Stories about veterans who played a major part in World War II or couples who have been married for 70+ years are fabulous stories that general newspapers and TV stations will find attractive. However, sometimes it’s fun to change things up and target a publication or media outlet that will reach a new audience, but is a little more challenging to get coverage in.
Maybe these publications are challenging because they only cover specific types of stories or want exclusive pieces. If it’s a renowned paper in the area or industry, it just might be worth crafting something different to grab their attention. You want a placement in the local lifestyles magazine? Well, sometimes you have to tailor-make a story for a publication.
Instead of creating a general story that anyone would be interested in, figure out what publications your target audience reads and then determine what types of articles they typically cover. For instance, if you are trying to get noticed in the business world, modify your grand opening release by tailoring the story to the economic impact the new community will have. How many jobs will it bring to the area? Or if you are modifying your story for a senior living-specific publication, focus on the architectural design trends the new community is utilizing or how the design impacts those who are caring for the residents in health care units.
Maybe there is a neighborhood publication that you want coverage in, but it only focuses on fun events or stories related to the area. Recently, we had a conundrum like this pop up. Our solution was to create a feature story on the community’s executive director’s dog.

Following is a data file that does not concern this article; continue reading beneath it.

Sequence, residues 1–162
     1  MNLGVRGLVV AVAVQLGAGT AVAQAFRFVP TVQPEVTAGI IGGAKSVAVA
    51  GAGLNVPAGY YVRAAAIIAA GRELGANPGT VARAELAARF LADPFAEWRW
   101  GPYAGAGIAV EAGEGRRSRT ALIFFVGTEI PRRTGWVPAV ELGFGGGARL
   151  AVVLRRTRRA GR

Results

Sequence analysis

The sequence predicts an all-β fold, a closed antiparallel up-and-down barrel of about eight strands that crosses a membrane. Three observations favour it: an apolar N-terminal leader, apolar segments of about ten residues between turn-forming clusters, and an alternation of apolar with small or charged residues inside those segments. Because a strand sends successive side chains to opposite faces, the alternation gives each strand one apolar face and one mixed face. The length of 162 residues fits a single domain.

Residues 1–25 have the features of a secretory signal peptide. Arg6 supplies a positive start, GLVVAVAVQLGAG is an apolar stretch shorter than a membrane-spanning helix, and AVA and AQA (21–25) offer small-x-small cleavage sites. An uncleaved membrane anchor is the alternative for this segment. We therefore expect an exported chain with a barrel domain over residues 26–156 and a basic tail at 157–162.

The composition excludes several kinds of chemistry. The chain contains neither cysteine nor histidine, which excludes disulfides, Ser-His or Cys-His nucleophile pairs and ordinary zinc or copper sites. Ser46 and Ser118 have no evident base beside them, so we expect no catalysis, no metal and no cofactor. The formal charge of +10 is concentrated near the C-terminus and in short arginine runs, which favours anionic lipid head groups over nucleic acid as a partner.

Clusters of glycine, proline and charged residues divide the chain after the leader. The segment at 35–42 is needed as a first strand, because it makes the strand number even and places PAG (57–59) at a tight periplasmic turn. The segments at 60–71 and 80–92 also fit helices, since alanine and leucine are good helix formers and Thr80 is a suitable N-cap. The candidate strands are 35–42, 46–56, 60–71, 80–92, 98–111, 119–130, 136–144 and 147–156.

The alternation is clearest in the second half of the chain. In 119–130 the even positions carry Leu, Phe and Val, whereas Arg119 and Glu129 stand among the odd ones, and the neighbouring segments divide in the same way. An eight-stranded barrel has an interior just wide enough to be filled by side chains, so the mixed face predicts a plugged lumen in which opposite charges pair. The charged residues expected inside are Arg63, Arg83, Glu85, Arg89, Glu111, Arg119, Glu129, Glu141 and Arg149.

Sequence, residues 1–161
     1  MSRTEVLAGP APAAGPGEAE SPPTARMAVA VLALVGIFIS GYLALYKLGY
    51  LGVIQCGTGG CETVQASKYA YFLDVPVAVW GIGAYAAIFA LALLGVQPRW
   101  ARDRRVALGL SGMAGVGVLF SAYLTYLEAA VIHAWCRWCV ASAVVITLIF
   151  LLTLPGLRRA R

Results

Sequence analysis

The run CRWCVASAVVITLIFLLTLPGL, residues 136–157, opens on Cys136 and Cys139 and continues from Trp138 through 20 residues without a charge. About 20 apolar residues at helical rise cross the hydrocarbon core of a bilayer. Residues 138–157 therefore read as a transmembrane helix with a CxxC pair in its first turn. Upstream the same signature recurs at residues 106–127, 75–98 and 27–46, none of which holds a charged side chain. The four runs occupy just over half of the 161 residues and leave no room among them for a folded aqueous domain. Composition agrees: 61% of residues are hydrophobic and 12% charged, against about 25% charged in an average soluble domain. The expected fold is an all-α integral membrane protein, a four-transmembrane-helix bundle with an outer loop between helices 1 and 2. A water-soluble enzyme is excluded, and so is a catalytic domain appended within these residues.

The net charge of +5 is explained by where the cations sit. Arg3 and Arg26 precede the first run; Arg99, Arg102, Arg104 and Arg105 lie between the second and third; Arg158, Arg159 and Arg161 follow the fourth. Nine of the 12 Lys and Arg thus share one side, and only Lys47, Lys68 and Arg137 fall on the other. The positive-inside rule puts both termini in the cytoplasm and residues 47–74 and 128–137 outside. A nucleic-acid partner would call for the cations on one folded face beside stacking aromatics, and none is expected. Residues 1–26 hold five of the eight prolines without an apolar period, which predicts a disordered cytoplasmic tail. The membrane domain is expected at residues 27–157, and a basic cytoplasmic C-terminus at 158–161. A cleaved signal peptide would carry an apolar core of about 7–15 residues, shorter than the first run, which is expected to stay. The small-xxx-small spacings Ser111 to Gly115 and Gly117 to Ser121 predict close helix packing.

Yes, you read that right. Everyone loves man’s best friend and this angle brought in the human interest element we needed. Having the dog come to the executive director’s office brought in the geographic, neighborhood-specific element we needed. It turned into a very cute story about how this canine has left his paw print on the hearts of the senior living community—and in turn, the entire neighborhood.
So, sometimes story ideas are obvious and perfect for sharing with the general media. But other times, you have to fashion a story around a specific publication or writer you have in mind, especially if it is a good placement that will reach a targeted group of people. Both approaches will put your community in the spotlight. I think we can all learn a lesson or two from our now-famous dog friend – sometimes you have to dig a little for the perfect angle.